Motivate kids to read with Reading Challenges for Kids! Learn how to do a reading challenge with your kids over the summer or during the school year. Track kids’ reading progress with printable Reading Trackers, and offer rewards for completing challenges! Use these ideas to make reading FUN and EXCITING!
Kids these days have a TON of options for how to spend their time. Between video games, cell phones, YouTube, and electronics that you probably don’t even know about (but that your 6 year old can explain to you in detail), kids can choose from all sorts of entertainment.
So why would they actually CHOOSE to pick up a book?
Yes, there are kids out there that actually enjoy reading… My 10 year old can polish off an entire Harry Potter book in about 4 days.
But most kids probably need some enticement (or let’s just call it like it is… a BRIBE!) to finish an entire book, besides something that they’re forced to read for school.
So how can you motivate your kids to read?
Reading Challenges for Kids!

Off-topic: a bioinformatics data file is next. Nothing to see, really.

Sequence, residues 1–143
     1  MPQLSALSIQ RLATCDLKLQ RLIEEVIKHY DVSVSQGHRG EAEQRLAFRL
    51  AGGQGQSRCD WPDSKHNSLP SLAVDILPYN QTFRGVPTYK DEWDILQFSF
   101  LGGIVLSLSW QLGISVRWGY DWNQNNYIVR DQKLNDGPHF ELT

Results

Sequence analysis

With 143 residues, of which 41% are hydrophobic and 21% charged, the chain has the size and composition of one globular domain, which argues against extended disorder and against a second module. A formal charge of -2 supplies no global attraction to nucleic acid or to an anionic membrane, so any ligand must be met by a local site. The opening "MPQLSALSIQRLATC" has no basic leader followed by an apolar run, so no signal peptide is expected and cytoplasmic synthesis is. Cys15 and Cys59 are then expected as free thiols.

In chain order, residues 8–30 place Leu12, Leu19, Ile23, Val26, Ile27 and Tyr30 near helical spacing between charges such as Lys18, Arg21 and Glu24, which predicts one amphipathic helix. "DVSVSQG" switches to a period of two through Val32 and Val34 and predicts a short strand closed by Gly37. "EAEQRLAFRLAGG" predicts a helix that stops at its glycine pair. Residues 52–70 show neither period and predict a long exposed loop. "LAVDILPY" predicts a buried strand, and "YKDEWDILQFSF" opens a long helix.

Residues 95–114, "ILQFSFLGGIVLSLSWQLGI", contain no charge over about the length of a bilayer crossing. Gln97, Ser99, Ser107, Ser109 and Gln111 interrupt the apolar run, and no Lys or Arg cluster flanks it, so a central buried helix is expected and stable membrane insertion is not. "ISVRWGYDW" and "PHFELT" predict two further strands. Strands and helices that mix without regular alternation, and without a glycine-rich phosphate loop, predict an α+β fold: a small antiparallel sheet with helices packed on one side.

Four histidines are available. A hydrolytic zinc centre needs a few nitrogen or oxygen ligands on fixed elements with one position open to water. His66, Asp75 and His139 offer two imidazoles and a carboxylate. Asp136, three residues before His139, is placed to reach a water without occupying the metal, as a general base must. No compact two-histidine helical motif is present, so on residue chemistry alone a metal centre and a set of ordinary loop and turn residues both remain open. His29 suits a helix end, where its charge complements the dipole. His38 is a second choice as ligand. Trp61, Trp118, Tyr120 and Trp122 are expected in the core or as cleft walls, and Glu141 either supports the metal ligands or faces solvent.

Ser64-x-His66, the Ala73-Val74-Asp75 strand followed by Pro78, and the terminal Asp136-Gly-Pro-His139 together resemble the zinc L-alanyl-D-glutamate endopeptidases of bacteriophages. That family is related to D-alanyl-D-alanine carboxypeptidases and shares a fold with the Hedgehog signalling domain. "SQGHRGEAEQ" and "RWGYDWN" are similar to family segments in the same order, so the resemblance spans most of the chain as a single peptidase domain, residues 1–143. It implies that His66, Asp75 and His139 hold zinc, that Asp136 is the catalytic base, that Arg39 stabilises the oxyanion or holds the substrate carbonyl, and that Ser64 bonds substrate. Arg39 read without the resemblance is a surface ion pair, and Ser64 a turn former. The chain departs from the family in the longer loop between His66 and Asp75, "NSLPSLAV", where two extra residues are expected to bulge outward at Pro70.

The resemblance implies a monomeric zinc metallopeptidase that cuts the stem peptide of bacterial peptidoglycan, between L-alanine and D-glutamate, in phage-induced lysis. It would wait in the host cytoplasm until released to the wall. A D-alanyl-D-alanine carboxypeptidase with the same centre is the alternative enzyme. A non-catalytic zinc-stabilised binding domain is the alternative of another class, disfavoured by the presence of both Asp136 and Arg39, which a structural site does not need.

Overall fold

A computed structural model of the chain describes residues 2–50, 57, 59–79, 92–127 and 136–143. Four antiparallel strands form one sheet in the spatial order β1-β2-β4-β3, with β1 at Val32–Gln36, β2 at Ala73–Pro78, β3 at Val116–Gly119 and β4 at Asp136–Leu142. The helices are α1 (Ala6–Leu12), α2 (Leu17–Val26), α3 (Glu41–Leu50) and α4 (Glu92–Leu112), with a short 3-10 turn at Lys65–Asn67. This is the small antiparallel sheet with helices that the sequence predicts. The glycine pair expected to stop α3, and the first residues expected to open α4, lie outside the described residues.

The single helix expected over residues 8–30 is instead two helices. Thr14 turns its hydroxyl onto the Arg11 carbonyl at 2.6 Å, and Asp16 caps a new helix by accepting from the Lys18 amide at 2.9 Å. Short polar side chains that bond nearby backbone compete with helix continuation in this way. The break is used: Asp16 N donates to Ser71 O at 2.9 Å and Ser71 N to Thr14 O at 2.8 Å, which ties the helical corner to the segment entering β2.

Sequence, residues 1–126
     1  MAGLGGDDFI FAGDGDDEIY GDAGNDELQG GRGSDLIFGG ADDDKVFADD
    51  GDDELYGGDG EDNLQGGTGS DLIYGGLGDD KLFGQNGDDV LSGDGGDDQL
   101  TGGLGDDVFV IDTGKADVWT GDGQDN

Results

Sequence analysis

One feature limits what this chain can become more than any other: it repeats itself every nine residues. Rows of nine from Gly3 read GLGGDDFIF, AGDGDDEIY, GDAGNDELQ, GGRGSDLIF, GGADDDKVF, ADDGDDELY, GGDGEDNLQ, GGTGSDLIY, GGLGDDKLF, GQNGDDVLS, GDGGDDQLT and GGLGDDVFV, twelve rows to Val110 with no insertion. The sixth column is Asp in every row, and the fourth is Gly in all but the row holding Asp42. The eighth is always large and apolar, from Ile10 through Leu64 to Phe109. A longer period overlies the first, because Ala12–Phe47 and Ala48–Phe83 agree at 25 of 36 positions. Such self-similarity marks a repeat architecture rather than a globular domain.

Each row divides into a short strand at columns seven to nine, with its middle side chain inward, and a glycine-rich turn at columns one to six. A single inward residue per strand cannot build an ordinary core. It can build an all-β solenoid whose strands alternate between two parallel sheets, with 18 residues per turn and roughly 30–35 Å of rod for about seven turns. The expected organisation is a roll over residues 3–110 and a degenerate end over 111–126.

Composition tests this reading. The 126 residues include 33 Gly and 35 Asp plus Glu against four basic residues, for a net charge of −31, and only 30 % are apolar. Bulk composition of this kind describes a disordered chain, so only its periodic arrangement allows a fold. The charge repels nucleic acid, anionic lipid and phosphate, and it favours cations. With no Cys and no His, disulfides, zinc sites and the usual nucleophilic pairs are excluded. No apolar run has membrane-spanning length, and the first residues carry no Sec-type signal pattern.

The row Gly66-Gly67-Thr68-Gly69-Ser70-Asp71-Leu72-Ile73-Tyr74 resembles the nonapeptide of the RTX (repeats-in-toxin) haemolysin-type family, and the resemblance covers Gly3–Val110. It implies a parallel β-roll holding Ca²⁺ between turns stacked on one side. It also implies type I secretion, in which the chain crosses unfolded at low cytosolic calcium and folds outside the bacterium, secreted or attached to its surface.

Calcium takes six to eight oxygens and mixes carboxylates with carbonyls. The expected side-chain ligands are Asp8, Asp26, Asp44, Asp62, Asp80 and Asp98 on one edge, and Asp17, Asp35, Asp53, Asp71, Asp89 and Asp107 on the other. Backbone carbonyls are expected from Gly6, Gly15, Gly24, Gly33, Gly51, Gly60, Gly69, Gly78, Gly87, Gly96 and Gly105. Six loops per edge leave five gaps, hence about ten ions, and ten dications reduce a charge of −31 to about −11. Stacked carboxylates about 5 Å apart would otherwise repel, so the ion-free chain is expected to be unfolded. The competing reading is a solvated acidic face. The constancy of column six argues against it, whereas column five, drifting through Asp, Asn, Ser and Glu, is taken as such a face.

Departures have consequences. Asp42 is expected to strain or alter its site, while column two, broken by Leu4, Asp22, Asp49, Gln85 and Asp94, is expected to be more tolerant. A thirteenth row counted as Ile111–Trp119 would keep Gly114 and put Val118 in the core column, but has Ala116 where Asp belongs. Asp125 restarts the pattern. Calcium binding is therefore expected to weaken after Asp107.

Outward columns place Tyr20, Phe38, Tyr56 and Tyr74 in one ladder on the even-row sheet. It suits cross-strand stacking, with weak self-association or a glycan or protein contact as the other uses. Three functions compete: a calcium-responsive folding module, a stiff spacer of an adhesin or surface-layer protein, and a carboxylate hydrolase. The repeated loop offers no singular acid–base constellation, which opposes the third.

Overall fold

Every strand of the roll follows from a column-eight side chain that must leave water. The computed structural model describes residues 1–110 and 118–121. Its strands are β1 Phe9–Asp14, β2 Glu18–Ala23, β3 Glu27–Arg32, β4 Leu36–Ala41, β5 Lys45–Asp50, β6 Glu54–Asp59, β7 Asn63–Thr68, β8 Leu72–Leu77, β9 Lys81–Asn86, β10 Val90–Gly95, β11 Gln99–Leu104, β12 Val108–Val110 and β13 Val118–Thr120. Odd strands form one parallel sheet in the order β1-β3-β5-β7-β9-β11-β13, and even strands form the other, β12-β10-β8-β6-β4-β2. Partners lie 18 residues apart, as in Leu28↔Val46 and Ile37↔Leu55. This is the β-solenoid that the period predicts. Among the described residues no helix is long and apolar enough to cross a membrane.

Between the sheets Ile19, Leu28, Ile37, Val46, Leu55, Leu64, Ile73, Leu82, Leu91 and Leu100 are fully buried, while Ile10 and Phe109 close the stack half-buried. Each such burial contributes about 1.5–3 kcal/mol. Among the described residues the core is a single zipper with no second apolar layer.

How to Do Reading Challenges with your Kids
The beauty of a Reading Challenge for Kids is that YOU are the boss. You make the “rules”, and you and your kids can together set reading goals and incentives.
But to make it a proper “challenge” you should follow at least a few of these steps for how to do a successful Reading Challenge:
Establish the Ground Rules for Your Reading Challenges for Kids
Let your kids know the “rules” of the Reading Challenge. Will the Reading Challenge need to be completed in a set period of time, like over the summer or in one month? What length of book will qualify? Obviously, you probably wouldn’t want your tween daughter to mark off a book on her Reading Tracker for reading a Dr. Suess book.
Outline the expectations you have for your kids before you get started.
Set a Goal
Talk with your kids about setting a challenging but attainable goal. You should set a goal that will push your kids forward, but not cause them to give up because they feel it’s too difficult.
The goal that you and your kids set can be for a specific amount of reading time each day, or a certain number of books. Research shows that reading just 20 minutes a day can significantly improve a child’s test scores and overall success in school, so I would set a goal of at least 20-30 minutes a day.
Or, you can set a goal for your child to finish “x” number of books. I challenged my 10 year old to read 5 chapter books over the summer this year. She’s about 4 books in, and she has about a month left. This goal encouraged her to read often, but it didn’t take away from her crafting and “play” time.